Why communications is still an evolving and dynamic art form

July 8, 2022

Article by: Matthew Lombardi, Managing Director at OneEleven

Collision Conference 2022, or why communications is still an evolving and dynamic art form

Since last Friday, you’ve probably seen it all over social media — the near-obligatory, now-ubiquitous homage post of the 2022 Collision Conference attendee. Usually, this post is accompanied by a carousel of triumphant photos, showing your favourite lanyard-and-badge-clad techie engrossed in conversation with fellow attendees, or posing beside novelty oversized event signage, or in front of one of the many grandiose stages that populated the Enercare centre last week, at the first in-person Collision Conference since before COVID-19.
For the uninitiated, Collision is one of the world’s largest tech conferences, and has been called “the Olympics of tech” by Politico. This year, it lived up to its billing, selling 35,000 tickets and officially marking Toronto’s return to operating large scale events capable of attracting and hosting the world.
But the pent up demand for in-person socialization and revelry was not the only reason this year’s conference was a giant success, worthy of oh-so-many gratitude posts by everyone in your social feeds.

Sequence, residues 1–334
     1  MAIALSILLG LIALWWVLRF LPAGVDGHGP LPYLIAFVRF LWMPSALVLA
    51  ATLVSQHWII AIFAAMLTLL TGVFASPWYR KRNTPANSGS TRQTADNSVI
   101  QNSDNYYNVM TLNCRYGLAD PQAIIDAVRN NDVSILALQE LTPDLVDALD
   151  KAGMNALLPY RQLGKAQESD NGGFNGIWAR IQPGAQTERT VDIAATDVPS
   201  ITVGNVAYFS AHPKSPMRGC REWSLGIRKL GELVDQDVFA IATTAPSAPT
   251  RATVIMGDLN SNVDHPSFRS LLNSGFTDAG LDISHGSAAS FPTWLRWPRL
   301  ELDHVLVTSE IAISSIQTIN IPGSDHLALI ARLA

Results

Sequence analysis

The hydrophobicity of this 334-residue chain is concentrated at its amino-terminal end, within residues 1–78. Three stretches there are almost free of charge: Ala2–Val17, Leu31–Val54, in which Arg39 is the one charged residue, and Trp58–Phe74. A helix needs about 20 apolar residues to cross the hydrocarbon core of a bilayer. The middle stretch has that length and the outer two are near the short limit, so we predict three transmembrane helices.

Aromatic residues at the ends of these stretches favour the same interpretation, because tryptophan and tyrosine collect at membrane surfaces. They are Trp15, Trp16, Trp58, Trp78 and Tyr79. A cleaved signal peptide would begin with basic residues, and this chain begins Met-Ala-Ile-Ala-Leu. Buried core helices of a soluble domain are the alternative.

The reason is simple: despite what you might have heard about the new reality of working remotely, there is still an inexplicable, unfalsifiable, inimitable magic to gathering in person. Making the sort of rich connections with new and old friends alike that cannot be made via a Zoom call, is an obvious truism to those who gathered for Collision. The simple act of in-person conversation, with all its subtle cues and body language, is always a powerful reminder of how much is lost when you’re forced to speak via a flat medium such as a video call — the nuances that end up requiring 25 additional emails, when a simple nod would have sufficed.
It is a great reminder that our world isn’t flat, and communication should not be either.
Ok, I stole that quote…
But hear me out.
I borrowed it, and I’m about to tell you why.
At this year’s Collision, the most powerful reminder of how important three dimensional communication is, came from an unlikely source: a company that is working to evolve digital media itself into a more dynamic state of being. The company is called MODU Research, a startup founded by two friends in Ottawa — Abdou Sarr and Mo Alissa — that includes an end-to-end platform for capturing, creating, and sharing Media 3.0, including spatial audio and 3D photos. Already a Techstars-funded company, the MODU team emerged from two years of lab development, earning a coveted place on the centre stage at Collision, to unveil their vision and platform to the world.
With 400,000 active monthly users already, MODU have quietly become an underground sensation with artists and creatives, and their content partnerships with several major global brands has earned the attention of investors. But it was co-founder Abdou Sarr’s revelation that the company will soon launch its rich media offering as a full platform for consumers that had the judges most impressed as part of their Collision pitch finals entry.
Whether MODU’s new platform shifts the paradigm for how consumers interact with various forms of media, or they simply remind us that the world is not flat, and we should appreciate the richness of a three dimensional interaction, I am grateful for an incredible experience at Collision 2022. Like so many, I cannot wait to do it all over again next year in Toronto.

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